It is a hard truth that Iowans must face. It is unfair to the rest of the country that we get to go first in the primary process.
There is a lot of research that shows that Iowa is almost uniquely unqualified to represent the country and not even remotely close to representing the Democratic electorate. We are a state that is over 95 percent white and generally rural, which juxtaposes just about everyone’s definition of the typical democratic voter.
Additionally, the Iowa caucuses award fewer than 1 percent of the total delegates awarded throughout the nation, and yet they seem to have a remarkable effect on the contest. This is of course because of its “First in the Nation” status and the week-ish that it gives pundits to cycle through the results, giving the winner an inexplicable advantage. This would be especially pertinent in this cycle with such a focus on the ever omnipotent ‘electability’ attribute that everyone is going after.
Though, as a selfish individual, I do not wish to stray from this tradition, but keeping it around for tradition's sake is a mistake for our democracy. Imagine if everything were the same but, say, Pennsylvania or Michigan went first. These two states are considered to be very representative of the country as a whole and would, in theory, produce greater representation in the general election, which would create more acceptable presidents. While the American voter does not always operate under such logic, this sort of change would, at the very least, holding other variables constant, make our government more to the people's liking.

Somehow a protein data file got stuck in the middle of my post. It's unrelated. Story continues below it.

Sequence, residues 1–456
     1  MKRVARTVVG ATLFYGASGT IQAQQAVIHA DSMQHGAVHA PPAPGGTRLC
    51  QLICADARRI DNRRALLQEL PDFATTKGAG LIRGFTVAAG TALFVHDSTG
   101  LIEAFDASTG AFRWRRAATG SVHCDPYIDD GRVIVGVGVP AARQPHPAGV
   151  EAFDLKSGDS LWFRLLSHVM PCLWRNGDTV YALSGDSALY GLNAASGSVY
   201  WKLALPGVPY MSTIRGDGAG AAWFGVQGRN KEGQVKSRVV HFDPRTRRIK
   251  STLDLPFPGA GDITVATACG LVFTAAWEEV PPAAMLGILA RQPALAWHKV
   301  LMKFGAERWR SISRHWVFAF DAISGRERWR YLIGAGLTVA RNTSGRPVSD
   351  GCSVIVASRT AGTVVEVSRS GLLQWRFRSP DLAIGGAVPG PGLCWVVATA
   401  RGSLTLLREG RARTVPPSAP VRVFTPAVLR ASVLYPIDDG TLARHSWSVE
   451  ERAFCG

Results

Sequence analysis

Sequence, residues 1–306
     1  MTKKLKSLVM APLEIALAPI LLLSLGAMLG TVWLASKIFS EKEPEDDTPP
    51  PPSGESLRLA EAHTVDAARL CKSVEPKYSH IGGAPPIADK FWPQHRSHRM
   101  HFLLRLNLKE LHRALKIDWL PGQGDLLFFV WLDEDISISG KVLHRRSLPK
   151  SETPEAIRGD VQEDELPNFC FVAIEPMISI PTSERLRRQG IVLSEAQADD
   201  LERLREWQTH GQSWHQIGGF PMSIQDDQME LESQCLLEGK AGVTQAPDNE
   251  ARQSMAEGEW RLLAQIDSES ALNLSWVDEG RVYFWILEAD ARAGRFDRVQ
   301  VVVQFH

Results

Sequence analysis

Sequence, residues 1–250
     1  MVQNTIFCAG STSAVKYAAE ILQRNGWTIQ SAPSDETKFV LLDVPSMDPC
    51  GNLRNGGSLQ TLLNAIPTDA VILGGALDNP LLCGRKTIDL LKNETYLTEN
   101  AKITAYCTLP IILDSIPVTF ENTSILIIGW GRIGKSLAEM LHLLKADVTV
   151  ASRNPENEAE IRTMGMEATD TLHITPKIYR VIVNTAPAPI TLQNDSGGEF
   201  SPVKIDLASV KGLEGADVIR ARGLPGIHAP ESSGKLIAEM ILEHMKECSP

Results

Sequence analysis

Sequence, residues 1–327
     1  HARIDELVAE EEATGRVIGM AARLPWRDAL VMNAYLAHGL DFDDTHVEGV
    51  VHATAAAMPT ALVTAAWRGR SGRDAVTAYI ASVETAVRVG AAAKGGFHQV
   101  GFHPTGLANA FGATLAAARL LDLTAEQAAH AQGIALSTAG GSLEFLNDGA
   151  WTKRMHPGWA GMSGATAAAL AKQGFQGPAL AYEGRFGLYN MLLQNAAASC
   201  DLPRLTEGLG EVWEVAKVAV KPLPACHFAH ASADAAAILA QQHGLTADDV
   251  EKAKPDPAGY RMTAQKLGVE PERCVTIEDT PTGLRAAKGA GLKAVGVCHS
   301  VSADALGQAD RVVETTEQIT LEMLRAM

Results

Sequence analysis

This would be true even for Iowans, as the person that either party elects is more likely to win in a general. If we use 2016 as an example (and operate under some assumptions that will be used only to prove my point), then we might say that Bernie Sanders was more likely to defeat Donald Trump in the general election. If we take that to be true and also assume that Iowa Democrats would prefer a Sanders administration to the Trump one we have, then we would say that they would have preferred to have Sanders be the nominee, even if the state preferred Clinton to Sanders.
Let us also say that if Michigan had gone first and, like in reality, had gone for Sanders, then the boost he would have gotten from that would edge him to win the nomination and therefore the White House. Then, because a state that is more representative than Iowa went first, Iowa Democrats would get a preferable outcome.
Letting a state that is more representative of the country go first (or perhaps shortening the time between state elections) would make the process of choosing the nominee much more effective and also more representative of the country and therefore bring more ideal outcomes to the individual party caucuses in each state (including Iowa).